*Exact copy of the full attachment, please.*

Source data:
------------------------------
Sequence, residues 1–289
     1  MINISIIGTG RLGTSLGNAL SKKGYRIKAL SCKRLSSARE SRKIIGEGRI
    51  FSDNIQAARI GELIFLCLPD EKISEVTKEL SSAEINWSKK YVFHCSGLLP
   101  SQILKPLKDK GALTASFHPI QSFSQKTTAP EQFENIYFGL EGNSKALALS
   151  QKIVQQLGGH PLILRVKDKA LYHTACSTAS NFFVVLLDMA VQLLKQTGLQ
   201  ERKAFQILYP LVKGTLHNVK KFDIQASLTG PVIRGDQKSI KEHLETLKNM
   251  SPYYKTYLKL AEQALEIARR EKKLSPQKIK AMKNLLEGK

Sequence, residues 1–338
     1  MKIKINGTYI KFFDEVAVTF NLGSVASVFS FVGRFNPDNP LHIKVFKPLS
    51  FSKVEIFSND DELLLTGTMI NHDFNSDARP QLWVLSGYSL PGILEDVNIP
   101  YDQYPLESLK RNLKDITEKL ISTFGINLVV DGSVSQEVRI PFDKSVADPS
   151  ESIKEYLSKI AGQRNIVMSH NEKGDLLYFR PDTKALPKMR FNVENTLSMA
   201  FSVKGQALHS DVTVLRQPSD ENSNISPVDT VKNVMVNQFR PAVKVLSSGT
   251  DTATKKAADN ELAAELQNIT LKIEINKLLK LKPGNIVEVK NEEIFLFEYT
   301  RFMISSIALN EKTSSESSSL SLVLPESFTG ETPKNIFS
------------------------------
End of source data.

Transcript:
Sequence, residues 1–289
     1  MINISIIGTG RLGTSLGNAL SKKGYRIKAL SCKRLSSARE SRKIIGEGRI
    51  FSDNIQAARI GELIFLCLPD EKISEVTKEL SSAEINWSKK YVFHCSGLLP
   101  SQILKPLKDK GALTASFHPI QSFSQKTTAP EQFENIYFGL EGNSKALALS
   151  QKIVQQLGGH PLILRVKDKA LYHTACSTAS NFFVVLLDMA VQLLKQTGLQ
   201  ERKAFQILYP LVKGTLHNVK KFDIQASLTG PVIRGDQKSI KEHLETLKNM
   251  SPYYKTYLKL AEQALEIARR EKKLSPQKIK AMKNLLEGK

Sequence, residues 1–338
     1  MKIKINGTYI KFFDEVAVTF NLGSVASVFS FVGRFNPDNP LHIKVFKPLS
    51  FSKVEIFSND DELLLTGTMI NHDFNSDARP QLWVLSGYSL PGILEDVNIP
   101  YDQYPLESLK RNLKDITEKL ISTFGINLVV DGSVSQEVRI PFDKSVADPS
   151  ESIKEYLSKI AGQRNIVMSH NEKGDLLYFR PDTKALPKMR FNVENTLSMA
   201  FSVKGQALHS DVTVLRQPSD ENSNISPVDT VKNVMVNQFR PAVKVLSSGT
   251  DTATKKAADN ELAAELQNIT LKIEINKLLK LKPGNIVEVK NEEIFLFEYT
   301  RFMISSIALN EKTSSESSSL SLVLPESFTG ETPKNIFS